The variance in geographical prescription rates for antidepressants in the UK has been revealed.
The new figures indicate that the number of pills provided to patients in sections of the North is almost four times higher than in sections of London.
The overall number of tablets which were prescribed during 2012 was 12.5 million higher than it was during 2007.
The research, which was compiled by the Nuffield Trust and the Health Foundation, has raised concerns about the quantity of pills being handed out and that patients are not being treated correctly.
Although the rate of antidepressant use has increased steadily, the rate was much higher during the recession when it increased by 8.5% a year instead of the average 6.7%.
Researchers found a big variance in the geographical number of prescriptions handed out. The highest rate was in Blackpool, which was four times as high as pills handed out in the Brent borough of London.
The study indicated that most of the ‘bottom 10’ for prescriptions was based in London.
The report found that areas where more white people resided, elderly people and females had higher prescription levels.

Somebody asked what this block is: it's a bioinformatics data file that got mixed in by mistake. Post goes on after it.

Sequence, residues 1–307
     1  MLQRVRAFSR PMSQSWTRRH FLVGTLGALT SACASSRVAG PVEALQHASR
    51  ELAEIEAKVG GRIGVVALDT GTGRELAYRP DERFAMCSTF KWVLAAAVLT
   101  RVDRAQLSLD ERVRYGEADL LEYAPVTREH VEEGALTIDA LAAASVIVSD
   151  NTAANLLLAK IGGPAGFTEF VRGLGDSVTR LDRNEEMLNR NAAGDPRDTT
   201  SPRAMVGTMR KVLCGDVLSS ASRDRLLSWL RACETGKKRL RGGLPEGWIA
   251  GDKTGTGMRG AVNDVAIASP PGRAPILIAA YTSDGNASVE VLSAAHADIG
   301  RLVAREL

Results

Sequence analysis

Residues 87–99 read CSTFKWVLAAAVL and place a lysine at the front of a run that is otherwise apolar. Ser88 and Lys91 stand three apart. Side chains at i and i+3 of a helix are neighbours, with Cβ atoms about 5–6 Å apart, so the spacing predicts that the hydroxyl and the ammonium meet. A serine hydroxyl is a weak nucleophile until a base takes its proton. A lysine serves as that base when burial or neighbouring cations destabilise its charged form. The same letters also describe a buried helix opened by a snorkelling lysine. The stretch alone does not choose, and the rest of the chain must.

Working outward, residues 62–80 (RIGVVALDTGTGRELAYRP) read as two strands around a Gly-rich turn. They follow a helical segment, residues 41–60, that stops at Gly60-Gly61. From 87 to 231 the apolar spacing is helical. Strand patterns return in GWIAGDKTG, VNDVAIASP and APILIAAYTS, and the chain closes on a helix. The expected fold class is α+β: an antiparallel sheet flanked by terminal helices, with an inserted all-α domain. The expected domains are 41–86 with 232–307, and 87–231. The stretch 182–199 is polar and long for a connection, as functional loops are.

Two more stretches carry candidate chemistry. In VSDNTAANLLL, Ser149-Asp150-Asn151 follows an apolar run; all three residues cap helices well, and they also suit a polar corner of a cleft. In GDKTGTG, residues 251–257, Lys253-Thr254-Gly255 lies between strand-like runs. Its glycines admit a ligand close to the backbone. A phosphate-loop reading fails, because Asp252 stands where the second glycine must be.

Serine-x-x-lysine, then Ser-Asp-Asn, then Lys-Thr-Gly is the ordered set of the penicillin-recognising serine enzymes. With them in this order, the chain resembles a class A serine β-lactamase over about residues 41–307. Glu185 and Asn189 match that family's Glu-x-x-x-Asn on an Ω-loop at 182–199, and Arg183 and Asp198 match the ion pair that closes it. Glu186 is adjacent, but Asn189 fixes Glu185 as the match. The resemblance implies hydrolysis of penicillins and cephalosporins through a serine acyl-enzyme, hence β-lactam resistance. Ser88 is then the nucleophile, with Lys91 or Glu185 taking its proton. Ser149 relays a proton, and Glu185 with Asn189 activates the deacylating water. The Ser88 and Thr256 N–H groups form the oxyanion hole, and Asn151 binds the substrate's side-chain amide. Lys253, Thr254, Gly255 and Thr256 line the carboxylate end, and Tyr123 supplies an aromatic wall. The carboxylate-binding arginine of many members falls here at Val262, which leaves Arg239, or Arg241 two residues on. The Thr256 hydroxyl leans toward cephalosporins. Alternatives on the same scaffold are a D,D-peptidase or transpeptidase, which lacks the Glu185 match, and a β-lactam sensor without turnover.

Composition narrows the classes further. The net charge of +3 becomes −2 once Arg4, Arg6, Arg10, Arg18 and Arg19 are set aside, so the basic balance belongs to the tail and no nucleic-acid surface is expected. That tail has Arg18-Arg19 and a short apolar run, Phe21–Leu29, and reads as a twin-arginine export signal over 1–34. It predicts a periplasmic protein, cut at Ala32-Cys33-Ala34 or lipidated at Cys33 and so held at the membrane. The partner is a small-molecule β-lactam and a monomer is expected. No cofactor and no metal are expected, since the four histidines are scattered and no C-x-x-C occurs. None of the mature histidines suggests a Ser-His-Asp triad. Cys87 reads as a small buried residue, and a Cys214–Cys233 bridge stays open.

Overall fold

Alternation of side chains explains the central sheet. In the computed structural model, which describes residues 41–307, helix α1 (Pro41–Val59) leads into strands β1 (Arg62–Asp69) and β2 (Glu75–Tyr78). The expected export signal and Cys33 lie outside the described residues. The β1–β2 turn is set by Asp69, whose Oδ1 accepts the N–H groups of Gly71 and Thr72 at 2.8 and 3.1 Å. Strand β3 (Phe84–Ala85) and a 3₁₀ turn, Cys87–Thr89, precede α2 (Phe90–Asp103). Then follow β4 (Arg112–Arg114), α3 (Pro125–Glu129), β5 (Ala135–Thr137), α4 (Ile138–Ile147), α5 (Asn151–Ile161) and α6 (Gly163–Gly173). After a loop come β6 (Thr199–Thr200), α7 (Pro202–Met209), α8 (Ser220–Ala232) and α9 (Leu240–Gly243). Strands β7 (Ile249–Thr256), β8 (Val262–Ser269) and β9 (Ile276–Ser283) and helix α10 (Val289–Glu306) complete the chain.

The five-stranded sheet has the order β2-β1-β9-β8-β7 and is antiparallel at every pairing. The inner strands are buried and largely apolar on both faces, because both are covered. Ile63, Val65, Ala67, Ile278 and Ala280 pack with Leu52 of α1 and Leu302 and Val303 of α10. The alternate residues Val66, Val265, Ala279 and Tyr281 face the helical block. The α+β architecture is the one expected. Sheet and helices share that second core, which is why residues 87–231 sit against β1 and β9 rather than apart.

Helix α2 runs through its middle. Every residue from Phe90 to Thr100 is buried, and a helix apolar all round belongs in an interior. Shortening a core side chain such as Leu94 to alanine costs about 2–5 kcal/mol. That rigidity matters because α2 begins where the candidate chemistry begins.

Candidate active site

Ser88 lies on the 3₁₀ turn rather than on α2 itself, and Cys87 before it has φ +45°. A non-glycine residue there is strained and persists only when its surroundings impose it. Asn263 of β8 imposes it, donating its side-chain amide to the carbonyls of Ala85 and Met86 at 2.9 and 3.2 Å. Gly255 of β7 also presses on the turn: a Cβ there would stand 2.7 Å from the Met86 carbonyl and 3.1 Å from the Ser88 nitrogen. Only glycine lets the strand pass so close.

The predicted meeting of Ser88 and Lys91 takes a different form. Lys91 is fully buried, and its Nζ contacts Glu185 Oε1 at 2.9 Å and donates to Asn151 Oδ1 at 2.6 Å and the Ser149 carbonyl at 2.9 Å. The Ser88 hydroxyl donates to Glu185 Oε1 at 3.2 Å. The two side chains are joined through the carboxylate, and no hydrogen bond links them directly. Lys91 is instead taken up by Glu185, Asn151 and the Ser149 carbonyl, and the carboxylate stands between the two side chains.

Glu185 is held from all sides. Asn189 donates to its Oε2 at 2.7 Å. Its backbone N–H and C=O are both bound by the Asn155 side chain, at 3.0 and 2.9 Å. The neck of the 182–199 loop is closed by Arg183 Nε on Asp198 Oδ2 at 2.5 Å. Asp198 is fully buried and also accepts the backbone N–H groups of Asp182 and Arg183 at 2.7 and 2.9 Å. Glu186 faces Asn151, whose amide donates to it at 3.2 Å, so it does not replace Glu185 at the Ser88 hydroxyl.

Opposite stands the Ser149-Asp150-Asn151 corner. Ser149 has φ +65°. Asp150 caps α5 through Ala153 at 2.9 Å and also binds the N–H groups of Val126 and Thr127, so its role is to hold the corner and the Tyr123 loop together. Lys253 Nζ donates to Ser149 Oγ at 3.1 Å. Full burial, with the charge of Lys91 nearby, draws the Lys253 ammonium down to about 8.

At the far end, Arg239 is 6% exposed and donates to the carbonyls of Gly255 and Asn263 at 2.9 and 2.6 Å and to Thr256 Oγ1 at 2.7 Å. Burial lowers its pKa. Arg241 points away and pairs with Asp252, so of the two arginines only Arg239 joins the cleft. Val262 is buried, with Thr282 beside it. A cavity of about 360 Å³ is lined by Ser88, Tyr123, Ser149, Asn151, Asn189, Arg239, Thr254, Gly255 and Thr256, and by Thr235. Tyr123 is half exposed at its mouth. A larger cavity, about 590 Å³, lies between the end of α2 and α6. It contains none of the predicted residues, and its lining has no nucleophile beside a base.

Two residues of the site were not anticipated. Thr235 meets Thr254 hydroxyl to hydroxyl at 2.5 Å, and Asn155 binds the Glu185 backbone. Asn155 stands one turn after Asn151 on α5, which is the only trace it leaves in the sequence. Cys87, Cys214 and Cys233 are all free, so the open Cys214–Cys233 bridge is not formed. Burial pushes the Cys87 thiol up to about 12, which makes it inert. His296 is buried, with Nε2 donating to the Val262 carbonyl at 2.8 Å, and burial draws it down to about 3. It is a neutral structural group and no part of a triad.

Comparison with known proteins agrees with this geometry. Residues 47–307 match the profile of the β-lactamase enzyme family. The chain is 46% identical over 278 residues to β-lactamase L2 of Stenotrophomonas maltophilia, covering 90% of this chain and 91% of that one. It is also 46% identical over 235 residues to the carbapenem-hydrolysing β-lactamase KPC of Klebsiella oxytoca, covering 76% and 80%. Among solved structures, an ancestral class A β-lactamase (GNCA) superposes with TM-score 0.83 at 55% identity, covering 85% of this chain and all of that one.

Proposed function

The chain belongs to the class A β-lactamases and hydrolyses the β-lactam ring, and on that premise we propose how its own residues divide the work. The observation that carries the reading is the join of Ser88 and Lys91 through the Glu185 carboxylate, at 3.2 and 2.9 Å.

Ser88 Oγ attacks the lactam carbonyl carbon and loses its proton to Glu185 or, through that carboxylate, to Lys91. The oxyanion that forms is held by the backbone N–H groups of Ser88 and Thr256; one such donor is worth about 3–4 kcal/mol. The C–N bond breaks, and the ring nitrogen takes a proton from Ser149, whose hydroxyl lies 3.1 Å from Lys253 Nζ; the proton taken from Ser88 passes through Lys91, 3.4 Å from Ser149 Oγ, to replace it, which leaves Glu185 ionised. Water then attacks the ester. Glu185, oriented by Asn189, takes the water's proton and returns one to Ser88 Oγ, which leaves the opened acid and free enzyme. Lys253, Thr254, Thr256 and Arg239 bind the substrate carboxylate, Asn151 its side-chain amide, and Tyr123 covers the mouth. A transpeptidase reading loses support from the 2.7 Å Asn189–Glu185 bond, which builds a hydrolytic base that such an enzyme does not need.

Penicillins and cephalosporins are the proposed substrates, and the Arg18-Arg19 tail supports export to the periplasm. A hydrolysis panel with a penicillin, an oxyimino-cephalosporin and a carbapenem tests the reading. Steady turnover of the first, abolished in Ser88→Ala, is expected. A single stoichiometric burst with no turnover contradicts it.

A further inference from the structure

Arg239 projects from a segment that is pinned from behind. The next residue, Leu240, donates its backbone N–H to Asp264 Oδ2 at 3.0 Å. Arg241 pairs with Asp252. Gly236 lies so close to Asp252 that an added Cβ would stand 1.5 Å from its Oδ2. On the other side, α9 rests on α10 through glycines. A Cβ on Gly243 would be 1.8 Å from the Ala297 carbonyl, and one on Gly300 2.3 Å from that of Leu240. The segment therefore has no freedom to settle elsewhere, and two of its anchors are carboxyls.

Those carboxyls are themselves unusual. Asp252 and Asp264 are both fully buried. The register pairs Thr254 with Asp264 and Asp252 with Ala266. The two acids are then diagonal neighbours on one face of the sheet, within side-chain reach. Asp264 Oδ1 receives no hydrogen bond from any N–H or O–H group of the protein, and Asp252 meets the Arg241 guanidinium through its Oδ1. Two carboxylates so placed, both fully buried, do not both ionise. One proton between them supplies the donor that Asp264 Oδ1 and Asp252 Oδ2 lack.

A separate conclusion indicated that the increase in prescriptions over the 14 year period was not only linked to an increase in depression levels, but was also linked to prescription patterns of general practitioners.
Dr Cosmo Hallström of the Royal College of Psychiatrists stated that he believed that the rising use of antidepressants is a step in the right direction as regards treatment and awareness of depression. However, he added the importance of patients being seen within a few weeks of commencing medication to check on their progress.
The Director of Research at the Health Foundation, Nick Barber, said that the rate of prescription had remained constant for many years and appears to have increased since 2008. This would suggest that the recession and the problems associated with it, such as unemployment, may be playing a role in the increased figures. He added that if depression and prescriptions have increased, is the condition being treated properly?
Image Credit: Amanda Hatfield